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Posts Tagged ‘electronic collar’

shock collar

Starting in July 2020, electronic collars will be banned in the Netherlands (that’s the country a lot of Americans call “Holland”).

My views on electronic collars have shifted. I have never been in favor of an electronic collar ban, but I have questioned why so many people in dog sports were eager to use one.

Reasonable people can disagree on training devices.  I have used a prong or pinch collar with very driven dog, but after she learned that she could release the pressure from the collar by walking closely, I switched to a fur-saver. Both of these tools are targeted for banning as well.

The thing about bans is that it takes away the right to disagree, and it places the law above experience and judgment, and I have to confess my own ignorance about modern e-collars. It wasn’t until I began looking at the work of competent e-collar trainers, especially Larry Krohn, who has a wonderful Youtube channel that teaches you how to use one these devices humanely.   The way he uses these devices is like having a lead on the dog while it’s off-leash, and using quite low level stimulation, he can get the same results as if the dog were wearing slip lead or a fur-saver.

The modern e-collar is an aversive.  It is used for positive punishment and negative reinforcement, but it can be used humanely and safely.

In a country like the Netherlands, there is a very strong tradition of walking dogs off-lead in the countryside.  The same goes for most of Western Europe. Most of Western Europe has banned e-collars, but it seems to me that this is setting up a real conflict between dog owners and wildlife and between dog owners and farmers.

Dogs will chase ungulates. It’s sort of what they evolved to do. If you let dogs go walking in the countryside off-leash, they stand a real risk of getting after deer or worrying sheep.

It is possible to train a dog a recall or a leave-it when it sees a sheep or deer without an e-collar. However, these tasks require quite a bit of skill, and with some dogs, it can be impossible to break their prey drive. Prey drive is intrinsically rewarding to cursorial predators like dogs, and it is often hard to find a reward that can exceed the internal reward a dog gets while chasing ungulates.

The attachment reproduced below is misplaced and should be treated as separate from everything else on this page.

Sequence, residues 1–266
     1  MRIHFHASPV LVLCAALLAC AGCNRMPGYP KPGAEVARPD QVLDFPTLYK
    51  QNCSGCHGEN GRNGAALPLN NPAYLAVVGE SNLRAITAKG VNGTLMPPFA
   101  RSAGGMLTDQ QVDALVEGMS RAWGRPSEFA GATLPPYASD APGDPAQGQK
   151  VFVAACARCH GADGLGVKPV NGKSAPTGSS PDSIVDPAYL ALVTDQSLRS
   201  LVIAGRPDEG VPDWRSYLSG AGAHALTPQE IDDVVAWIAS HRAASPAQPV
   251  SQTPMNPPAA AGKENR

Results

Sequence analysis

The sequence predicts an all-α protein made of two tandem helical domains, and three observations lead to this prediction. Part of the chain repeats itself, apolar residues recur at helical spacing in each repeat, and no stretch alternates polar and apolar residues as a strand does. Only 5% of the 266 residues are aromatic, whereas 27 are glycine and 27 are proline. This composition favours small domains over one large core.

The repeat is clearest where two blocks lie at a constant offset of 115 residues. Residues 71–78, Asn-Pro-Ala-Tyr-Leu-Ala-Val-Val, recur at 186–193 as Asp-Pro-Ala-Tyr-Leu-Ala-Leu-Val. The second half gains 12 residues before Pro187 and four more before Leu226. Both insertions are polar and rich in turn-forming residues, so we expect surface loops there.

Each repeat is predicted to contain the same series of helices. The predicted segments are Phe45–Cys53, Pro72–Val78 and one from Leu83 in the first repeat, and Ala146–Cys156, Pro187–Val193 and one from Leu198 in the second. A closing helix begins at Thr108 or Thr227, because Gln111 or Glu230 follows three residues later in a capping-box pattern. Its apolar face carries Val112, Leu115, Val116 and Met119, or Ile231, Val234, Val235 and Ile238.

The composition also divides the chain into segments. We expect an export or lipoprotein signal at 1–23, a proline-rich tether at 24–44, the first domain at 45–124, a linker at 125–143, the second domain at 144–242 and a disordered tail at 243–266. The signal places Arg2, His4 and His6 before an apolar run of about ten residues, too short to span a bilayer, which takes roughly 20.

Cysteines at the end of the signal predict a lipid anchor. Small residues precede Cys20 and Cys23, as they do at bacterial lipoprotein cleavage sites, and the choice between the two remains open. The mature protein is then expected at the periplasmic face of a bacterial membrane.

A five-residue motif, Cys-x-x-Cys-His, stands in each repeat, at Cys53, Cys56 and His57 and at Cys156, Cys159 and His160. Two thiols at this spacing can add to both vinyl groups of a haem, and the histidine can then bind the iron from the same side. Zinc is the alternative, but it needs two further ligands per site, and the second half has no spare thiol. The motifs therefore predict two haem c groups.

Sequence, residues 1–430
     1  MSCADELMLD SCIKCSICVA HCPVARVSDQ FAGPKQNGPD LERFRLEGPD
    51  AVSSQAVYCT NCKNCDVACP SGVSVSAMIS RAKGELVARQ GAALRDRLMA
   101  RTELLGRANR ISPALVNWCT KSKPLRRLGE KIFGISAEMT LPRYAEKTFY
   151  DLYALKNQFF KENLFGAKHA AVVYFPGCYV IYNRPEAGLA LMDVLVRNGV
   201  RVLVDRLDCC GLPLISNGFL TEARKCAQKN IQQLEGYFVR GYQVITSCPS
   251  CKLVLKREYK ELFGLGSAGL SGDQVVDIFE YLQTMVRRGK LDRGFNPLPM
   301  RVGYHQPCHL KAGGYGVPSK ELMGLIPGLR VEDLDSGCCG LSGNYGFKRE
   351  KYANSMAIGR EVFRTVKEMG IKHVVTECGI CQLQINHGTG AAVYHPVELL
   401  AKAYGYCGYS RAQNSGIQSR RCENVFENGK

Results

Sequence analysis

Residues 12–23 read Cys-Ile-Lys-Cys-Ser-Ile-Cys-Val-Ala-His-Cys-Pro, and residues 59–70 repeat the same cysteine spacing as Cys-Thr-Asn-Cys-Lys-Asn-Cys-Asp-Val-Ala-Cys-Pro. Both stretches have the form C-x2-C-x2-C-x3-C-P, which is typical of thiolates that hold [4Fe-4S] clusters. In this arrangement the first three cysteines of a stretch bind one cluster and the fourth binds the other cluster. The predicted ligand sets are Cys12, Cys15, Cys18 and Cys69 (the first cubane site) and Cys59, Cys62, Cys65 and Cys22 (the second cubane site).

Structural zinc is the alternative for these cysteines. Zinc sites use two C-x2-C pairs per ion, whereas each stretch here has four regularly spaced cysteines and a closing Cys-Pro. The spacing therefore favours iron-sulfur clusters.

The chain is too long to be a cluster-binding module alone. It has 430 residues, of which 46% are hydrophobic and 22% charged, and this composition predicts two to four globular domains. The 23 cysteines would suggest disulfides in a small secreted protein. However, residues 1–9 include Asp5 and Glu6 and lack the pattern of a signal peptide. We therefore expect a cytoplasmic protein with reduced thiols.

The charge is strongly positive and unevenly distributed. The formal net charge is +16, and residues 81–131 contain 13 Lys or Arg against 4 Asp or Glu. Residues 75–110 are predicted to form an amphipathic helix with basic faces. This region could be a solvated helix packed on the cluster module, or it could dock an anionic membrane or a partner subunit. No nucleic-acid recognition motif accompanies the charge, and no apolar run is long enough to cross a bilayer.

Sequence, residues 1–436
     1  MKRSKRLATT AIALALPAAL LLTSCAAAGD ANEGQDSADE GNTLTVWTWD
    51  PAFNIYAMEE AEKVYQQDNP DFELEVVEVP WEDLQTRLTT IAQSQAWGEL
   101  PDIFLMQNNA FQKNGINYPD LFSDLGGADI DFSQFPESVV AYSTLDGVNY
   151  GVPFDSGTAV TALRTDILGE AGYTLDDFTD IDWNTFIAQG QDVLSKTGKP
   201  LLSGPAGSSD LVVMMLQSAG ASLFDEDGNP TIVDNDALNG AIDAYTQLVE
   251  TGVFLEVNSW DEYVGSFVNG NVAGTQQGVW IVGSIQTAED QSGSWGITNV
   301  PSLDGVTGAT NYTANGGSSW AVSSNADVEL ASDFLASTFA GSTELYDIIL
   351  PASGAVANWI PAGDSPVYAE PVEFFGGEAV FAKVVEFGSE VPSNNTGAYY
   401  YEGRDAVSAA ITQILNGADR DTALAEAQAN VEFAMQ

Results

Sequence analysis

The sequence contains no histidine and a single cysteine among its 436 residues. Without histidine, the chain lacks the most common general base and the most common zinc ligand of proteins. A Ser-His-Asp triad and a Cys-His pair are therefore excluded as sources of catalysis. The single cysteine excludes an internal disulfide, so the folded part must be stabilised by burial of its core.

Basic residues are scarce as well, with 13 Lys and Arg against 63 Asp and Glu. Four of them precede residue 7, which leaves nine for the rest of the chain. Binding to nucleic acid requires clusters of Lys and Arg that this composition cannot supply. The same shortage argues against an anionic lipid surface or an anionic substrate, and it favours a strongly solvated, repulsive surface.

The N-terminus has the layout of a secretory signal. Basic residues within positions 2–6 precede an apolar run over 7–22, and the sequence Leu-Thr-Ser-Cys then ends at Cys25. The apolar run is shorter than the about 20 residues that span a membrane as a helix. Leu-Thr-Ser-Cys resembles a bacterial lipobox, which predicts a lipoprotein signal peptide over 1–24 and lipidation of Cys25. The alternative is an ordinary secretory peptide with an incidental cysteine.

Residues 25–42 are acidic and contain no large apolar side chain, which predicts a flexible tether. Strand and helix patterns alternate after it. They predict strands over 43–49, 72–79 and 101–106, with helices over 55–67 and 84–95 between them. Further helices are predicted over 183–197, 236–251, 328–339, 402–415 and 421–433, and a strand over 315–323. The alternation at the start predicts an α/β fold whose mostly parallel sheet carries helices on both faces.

Yes, you can use the Premack’s principle to teach a dog very reliable recall.  There are many skilled trainers who can teach a dog a solid recall without an e-collar.

But that’s not what I am here to debate. What I am here to discuss is that we are allowing one side of the argument, often fueled by animal rights extremist logic and rhetoric, to ban a tool that others contend is essential in their trainer program.

And some dogs need a very strong aversive to proof their recalls and to punish bad behavior. E-collars, used properly, seem to be the aversive that would cause the least amount of harm and still do the job.

These dogs are not going to have good lives in much of Western Europe, where they can never be allowed off-lead. In most Western European countries, allowing the dog some off-leash running is considered vital for all dogs, so these dogs will have to be kept in a way that many would consider cruel.

And when it comes to breaking dogs off of chasing livestock and game, the aversive really doesn’t have to be used that often.  So the dog gets to feel a shock on its neck, but it gets a lifetime of running off-leash and coming when called.  The dog gets to engage in its innate running instincts, but it gets to do so with the highest levels of its safety and that of any potential quarry.

So whether you like e-collars or not, banning devices should cause quite a bit of alarm. Many people don’t like e-collars, but lots of people use choke chains and pinch and prong collars. Those can just as easily banned as well.

And while we’re in the business of banning things, we often aren’t thinking of the greater good or by nuance.  Bans do not do nuance. They are the end of a discussion, a discussion where people on both sides might have learned something.

These devices are getting more humane, not less. They have many lower level and even vibrate-only settings on them.

And yes, they can be abused. You can abuse a dog by feeding it too much, but no one seems to want to legislate how much one should feed a dog each day. You can abuse a dog with flat collar if you leave it on a pup and never take it off. The collar for a young pup can become embedded in the maturing dog, but no one wants to ban putting collars on growing pups.

So instead of accepting that different people will use different tools, we like to assume the worst of the corrections-based dog trainers. In Western European countries, those assumptions are leading to real folly.

I do plan on getting a decent e-collar, and I will be using it as humanely as possible. I see a use for them, and they can help me give my dogs a better quality of life.

But that choice has been taken out of the hands of Dutch dog owners, starting next year. I’m sure they will manage, but I think there are quite a few dogs in that country that will miss out on having a chance to run loose, simply because they cannot be trained to leave game or livestock alone without a clear aversive.

 

 

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